But before proceeding, it may be useful to digress a bit to show how such examples of hidden meaning may be uncovered in the apparently endless repetition of well-known stereotypical messages. In Kissot le-Veit David Del Bene often exerts much effort to stress continuity where, in fact, a deeper analysis uncovers a rupture. Del Bene himself aptly, perhaps subtly, supplies his reader with sufficient means to uncover what we might be entitled to label as the author’s hidden intention—no matter how conscious or unconscious it is. Contrary to the medieval literary tradition of citing one’s sources very selectively, especially when authoritative support was thought to be necessary for the appropriate exposition of the author’s thesis, Del Bene’s practice was strikingly different. He was in fact among the first Jewish authors to supply full references to the sources of the ideas discussed in his essays. A careful reading of Kissot le-VeitDavid would apparently provide a rule: rupture is quite clearly detectable wherever the author displays a great effort to make his reader believe that he is in fact confronted with continuity. To this rule, one may add another one, in part, the inverse of the former: wherever the author displays a great effort to make his reader believe that he is confronted with absolute originality, we may expect to discover strong affinities with already existing trends. For instance, this was certainly the case regarding Del Bene’s literary approach and theory: when he claimed originality regarding his terribly obscure plays on words, he was in fact using, albeit pushing the device beyond any known limits, a well-tested medieval rhetorical device known at least from the Golden Age of Andalusian Jewry. And when he declared his intention to uncover the existing richness of the Hebrew language, in order to compete with Italian contemporary literary production, he was in fact declaring allegiance to a completely new system of linguistic reference.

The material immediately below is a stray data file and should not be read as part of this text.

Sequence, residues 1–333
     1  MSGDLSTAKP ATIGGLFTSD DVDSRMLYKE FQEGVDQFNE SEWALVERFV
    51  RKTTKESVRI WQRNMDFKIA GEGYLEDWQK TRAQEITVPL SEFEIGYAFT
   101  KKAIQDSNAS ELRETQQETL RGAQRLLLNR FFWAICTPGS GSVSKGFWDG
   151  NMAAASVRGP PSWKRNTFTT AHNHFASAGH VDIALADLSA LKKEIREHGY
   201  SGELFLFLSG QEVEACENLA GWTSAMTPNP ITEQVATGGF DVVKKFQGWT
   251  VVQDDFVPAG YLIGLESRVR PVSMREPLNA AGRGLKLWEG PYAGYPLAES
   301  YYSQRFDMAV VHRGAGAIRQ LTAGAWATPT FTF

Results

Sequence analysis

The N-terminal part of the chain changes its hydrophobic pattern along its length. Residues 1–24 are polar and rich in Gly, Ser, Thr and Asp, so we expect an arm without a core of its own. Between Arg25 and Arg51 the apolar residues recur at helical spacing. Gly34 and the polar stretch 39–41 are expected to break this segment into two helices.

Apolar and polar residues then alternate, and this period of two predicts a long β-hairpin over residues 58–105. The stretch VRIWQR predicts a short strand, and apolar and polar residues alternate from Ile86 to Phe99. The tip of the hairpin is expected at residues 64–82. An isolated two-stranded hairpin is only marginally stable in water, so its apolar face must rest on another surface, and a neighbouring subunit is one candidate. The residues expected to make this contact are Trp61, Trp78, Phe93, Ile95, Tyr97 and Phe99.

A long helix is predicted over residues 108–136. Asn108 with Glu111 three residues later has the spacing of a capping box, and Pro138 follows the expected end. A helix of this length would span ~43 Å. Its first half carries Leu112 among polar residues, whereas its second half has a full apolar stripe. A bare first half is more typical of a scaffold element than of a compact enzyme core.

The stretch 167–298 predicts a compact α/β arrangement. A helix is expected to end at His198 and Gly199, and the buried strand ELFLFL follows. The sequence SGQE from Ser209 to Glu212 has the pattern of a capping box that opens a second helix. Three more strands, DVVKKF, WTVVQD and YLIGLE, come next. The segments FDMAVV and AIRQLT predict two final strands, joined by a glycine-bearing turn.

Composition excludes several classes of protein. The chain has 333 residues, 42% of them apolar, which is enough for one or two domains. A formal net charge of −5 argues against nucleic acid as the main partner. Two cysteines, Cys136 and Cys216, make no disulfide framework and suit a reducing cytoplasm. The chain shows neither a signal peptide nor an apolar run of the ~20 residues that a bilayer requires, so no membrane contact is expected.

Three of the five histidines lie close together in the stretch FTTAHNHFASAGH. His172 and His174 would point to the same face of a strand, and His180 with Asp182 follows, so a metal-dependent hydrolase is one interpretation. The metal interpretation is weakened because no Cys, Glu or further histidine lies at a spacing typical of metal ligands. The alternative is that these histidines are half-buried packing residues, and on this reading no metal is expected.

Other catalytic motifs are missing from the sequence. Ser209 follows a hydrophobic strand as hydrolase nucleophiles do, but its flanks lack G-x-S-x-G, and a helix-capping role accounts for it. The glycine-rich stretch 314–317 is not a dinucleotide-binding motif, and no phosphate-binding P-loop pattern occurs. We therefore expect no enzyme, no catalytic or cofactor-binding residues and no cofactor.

That the ultimate product appears to us almost totally unreadable should not lead us to undermine the importance of this fact. It might also be formulated as a rule: digging into the inherited legacy of the past with the intention of uncovering its enormous richness, he was in fact departing from that legacy and discovering a new world. The phenomenon would thus be structurally homologous to all other departures and discoveries of the epoch: the departure from the old geographic system following the discovery of the New World, the departure from Ptolemaic astronomy and the option for the Copernican view of the world, and so on. If the degree of exertion displayed in establishing continuities provides us a means for identifying points of rupture in Del Bene’s thought, then we should carefully consider one of his major themes: the traditionally negative view of Judaism towards philosophy. A comparison of his message on this point in his sermons with that emerging from Kissot le-Veit David will reveal interesting differences relevant to our understanding of the mediating function of the preacher between elite and popular culture. Accordingly, I turn to my second example.